If your child's bicycle doesn't fit him properly, he won't learn to ride easily and he won't be as comfortable as he could be while riding. Setting the seat to the correct height is one of the most important adjustments for ease and comfort.
Proper Bicycle Size for Children
While adult bicycles are sized by the height to the top of the seat tube, children's bikes are sized by wheel size. Two- to four-year-olds need bikes with 12-inch wheels and probably with stabilisers; five- to eight-year-olds need 16-inch wheels; seven- to 10-year-olds need 20-inch wheels. Most children nine-years-old and up can handle adult-sized bikes with 24-inch wheels.
Adjusting Seat Height
Once you've chosen the right-sized bike for your child, it's time to adjust the seat. Children should be able to straddle the bike with their feet flat on the ground, then get back on the seat and pedal away, and they probably want to be able to put a foot on the ground comfortably when they stop. To adjust the height, hold the bike upright while your child sits on the seat. His leg should be 80 to 90 per cent straight when the pedal is in its lowest position. Adjust the seat to this height, and make sure it is level.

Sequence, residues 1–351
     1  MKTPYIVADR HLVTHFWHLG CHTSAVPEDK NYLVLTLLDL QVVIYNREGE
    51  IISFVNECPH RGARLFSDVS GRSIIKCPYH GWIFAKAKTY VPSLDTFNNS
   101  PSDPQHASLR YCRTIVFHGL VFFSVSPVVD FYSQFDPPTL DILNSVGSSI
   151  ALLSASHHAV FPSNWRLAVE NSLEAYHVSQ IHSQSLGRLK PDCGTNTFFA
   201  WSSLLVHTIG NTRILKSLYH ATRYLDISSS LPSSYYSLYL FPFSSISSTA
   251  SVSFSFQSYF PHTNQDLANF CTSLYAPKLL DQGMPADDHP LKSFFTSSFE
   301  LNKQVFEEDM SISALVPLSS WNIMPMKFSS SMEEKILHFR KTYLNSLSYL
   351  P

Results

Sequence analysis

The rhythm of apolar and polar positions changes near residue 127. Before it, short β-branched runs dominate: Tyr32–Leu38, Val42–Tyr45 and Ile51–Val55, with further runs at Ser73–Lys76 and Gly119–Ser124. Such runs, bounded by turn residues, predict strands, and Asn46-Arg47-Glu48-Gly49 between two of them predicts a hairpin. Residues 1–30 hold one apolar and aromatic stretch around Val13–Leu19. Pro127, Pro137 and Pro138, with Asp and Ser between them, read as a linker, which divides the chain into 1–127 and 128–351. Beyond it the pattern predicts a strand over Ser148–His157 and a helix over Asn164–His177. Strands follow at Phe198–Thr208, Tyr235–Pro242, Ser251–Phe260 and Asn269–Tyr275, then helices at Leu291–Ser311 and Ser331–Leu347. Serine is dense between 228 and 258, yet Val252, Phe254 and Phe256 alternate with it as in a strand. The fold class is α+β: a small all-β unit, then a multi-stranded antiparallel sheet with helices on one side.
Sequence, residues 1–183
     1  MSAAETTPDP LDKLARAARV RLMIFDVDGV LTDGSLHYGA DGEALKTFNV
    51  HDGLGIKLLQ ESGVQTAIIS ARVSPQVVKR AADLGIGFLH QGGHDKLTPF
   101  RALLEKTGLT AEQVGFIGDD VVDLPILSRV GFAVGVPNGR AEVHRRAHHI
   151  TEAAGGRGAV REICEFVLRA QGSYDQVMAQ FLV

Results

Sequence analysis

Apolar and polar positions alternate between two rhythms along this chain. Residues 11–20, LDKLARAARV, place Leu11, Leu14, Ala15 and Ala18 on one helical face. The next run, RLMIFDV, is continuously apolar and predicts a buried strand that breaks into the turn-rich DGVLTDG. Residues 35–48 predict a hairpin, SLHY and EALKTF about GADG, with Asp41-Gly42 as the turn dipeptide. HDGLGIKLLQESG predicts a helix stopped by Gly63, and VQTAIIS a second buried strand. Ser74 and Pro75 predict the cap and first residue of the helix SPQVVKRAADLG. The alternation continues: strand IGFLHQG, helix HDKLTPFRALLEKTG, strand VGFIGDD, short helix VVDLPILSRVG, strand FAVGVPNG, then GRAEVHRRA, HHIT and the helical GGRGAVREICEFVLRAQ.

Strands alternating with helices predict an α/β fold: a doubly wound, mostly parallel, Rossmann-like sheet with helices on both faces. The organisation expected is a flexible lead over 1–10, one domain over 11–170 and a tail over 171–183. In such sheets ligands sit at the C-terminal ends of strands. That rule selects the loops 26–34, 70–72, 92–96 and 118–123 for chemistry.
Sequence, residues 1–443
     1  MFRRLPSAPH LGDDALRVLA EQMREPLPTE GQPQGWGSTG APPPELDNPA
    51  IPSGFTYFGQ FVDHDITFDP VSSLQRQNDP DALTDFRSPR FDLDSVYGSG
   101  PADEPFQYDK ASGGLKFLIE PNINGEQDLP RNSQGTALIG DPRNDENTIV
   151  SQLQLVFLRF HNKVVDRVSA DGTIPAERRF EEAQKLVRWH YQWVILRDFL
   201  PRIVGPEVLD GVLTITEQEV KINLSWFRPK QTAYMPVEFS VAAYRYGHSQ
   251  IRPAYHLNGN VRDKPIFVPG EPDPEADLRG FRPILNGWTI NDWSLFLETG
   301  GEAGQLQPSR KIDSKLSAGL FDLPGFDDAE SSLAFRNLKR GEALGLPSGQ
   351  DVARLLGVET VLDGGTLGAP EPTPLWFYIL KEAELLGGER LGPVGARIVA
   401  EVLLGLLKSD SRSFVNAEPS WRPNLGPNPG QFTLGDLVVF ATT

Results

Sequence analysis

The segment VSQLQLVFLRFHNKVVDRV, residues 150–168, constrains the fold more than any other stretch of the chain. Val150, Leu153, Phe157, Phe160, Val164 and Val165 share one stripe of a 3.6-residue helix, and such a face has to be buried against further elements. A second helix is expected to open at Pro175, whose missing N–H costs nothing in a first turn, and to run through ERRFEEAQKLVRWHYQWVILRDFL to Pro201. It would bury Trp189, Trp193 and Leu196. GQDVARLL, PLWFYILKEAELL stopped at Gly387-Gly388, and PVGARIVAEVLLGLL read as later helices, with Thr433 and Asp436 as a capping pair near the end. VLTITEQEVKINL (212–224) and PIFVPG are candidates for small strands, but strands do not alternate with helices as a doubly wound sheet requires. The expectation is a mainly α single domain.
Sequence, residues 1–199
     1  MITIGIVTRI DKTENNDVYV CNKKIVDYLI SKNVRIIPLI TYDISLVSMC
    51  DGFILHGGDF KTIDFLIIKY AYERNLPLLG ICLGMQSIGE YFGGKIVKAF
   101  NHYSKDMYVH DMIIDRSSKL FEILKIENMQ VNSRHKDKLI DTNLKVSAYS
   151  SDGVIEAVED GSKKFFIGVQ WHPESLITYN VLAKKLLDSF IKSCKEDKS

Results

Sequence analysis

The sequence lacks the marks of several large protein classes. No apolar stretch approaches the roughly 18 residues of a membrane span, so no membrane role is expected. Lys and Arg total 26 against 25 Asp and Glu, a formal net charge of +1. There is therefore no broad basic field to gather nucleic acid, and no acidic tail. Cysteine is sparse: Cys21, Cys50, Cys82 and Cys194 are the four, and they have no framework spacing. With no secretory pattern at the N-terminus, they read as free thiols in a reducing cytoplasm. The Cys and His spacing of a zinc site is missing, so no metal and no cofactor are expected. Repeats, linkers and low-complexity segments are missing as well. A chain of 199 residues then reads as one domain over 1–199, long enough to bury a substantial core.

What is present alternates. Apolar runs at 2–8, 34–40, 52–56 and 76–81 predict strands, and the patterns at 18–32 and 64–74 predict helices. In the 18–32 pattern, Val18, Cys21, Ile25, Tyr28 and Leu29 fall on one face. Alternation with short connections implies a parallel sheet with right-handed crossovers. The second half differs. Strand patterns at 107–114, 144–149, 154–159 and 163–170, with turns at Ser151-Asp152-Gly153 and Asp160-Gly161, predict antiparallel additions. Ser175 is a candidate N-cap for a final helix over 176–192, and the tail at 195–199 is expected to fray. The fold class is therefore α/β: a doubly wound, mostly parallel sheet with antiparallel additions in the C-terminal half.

Reasons Children's Bike Seats Are Often Too Low
Children often end up with their bicycle seats set too low. Sometimes this is because they've grown since the seat was last adjusted, but they never readjusted the seat to compensate for the growth. Sometimes they start out with it low to have a lower centre of gravity and better balance, then fail to adjust it upward once they learn balance. If a child's knees hit the handlebars, or if he's able to balance on the bike while stopped, the seat is probably too low. Try adjusting it upward in half-inch increments to give him an opportunity to get used to the proper height.